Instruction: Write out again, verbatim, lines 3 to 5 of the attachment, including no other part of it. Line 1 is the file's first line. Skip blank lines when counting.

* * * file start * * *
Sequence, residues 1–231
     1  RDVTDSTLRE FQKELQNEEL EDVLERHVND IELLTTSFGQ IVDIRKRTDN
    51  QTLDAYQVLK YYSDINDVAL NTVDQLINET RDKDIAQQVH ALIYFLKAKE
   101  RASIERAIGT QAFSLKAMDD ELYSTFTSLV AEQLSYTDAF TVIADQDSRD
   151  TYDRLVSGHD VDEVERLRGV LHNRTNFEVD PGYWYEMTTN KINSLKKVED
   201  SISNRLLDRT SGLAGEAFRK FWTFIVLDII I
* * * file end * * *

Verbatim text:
    51  QTLDAYQVLK YYSDINDVAL NTVDQLINET RDKDIAQQVH ALIYFLKAKE
   101  RASIERAIGT QAFSLKAMDD ELYSTFTSLV AEQLSYTDAF TVIADQDSRD
   151  TYDRLVSGHD VDEVERLRGV LHNRTNFEVD PGYWYEMTTN KINSLKKVED